“`

npm install -g @angular/cli

ng new test-marketplace

ng serve

“`

There are four types of files that each component of your app will have. They take the following form:

* app.component.css

* app.component.html

* app.component.ts

* app.module.ts

The .css and .html files are the ones you’ll edit to design your website’s appearance, as you might expect. You can start designing your web application by editing the `app.component.html` file. 

The HTML file for a marketplace might look something like this:

“`

<h2>Marketplace</h2>

<div *ngFor=”let app of apps”>

  <h3>

   {{ app.name }}

  </h3>

  <p *ngIf=”app.summary”>

summary: {{ app.summary }}

  </p>

</div>

“`

Angular supports pulling this data from a local file, your own backend, or another API. That gives you multiple opportunities for how to store your marketplace data. Though, you’ll want a dynamic method to allow developers to make updates to their apps on their own.

In the next section, we’ll show how to use the `HttpClientModule` to pull in data from an API. In particular, we’ll use the OpenChannel API, since it supports many marketplace functions automatically. You could also build your own backend to support your Angular marketplace.

Let OpenChannel’s APIs Power Your Marketplace

OpenChannel’s APIs can help you add functionality to your Angular-built marketplace. Let’s take a look at how it can do so. We’ll show a simple call to query all the applications in your marketplace, then add them to the component from the previous section.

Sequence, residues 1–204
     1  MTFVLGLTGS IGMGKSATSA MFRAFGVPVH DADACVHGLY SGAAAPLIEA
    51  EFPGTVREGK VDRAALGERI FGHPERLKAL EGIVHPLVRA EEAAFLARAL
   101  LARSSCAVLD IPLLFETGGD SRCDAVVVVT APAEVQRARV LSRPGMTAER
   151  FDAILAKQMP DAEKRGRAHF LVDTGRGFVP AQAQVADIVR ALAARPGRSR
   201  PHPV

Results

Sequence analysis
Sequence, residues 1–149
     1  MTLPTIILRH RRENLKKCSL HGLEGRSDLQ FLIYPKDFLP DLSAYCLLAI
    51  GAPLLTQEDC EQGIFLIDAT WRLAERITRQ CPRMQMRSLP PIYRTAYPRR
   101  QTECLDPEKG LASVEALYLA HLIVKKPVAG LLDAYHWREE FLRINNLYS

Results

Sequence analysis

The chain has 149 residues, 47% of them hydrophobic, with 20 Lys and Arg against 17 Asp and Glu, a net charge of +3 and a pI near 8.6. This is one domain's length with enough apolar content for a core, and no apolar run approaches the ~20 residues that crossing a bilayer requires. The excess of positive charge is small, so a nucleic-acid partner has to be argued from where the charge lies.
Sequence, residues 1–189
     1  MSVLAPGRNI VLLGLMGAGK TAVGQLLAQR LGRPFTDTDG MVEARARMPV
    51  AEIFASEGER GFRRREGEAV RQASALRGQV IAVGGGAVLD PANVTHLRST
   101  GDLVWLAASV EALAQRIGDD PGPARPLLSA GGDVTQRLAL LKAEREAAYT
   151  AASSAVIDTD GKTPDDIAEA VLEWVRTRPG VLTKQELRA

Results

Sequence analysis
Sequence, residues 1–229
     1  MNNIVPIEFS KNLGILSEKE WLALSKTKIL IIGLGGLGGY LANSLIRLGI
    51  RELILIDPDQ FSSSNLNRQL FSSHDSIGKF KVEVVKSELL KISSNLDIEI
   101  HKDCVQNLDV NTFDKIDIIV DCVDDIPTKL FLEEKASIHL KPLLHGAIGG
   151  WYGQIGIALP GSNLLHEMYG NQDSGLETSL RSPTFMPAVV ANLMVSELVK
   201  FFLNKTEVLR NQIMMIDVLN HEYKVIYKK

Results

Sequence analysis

The OpenChannel API provides a list of apps in a single request:

`GET https://client-api.openchannel.io/v2/apps`

As mentioned earlier, incorporating API calls into your Angular website is done with the `HttpClientModule`. The modular design of Angular makes it easy to add modules. You simply do so by including it in the `app.module.ts` file.

“`

import { NgModule } from ‘@angular/core’;

import { BrowserModule } from ‘@angular/platform-browser’;

import { HttpClientModule } from ‘@angular/common/http’;

import { AppComponent } from ‘./app.component’;

 

@NgModule({

  imports: [

BrowserModule,

HttpClientModule,

  ],

  declarations: [

AppComponent

  ],

  providers: [],

  bootstrap: [AppComponent]

})

export class AppModule { }

“`

Then, you need to inject it into the constructor located within your `app.component.ts` file. You make API calls like so:

“`

constructor(private http: HttpClient,){

    url = https://client-api.openchannel.io/v2/apps`

    this.http.get(url)

}

“`

Then, all you need to do is choose how you want to display the information from the API call and store it accordingly.

Naturally, this example shows only the building blocks. With the additional app data, plus some HTML/CSS effort to display, you can display your marketplace without running your own backend.

OpenChannel has a few marketplace APIs, but our example used one that is particularly useful for single-page applications: the Client API. It’ll be the backend for your Angular-based web app. You won’t need to create a server-side application to make calls to the marketplace APIs; the client API takes care of that for you.

As you can see, our APIs were designed to make building an app marketplace as straightforward a process as possible. We encourage you to peruse our documentation for a more thorough rundown on what our APIs can do for you.

To give you a head start and equip you with the best practices we’ve gathered over the years, we’ve now open sourced our Angular partner portal and marketplace sites. You can get launch ready in a fraction of the time in four simple steps; design, download, build and launch. We’ve covered everything you might need, so go ahead and give it a try.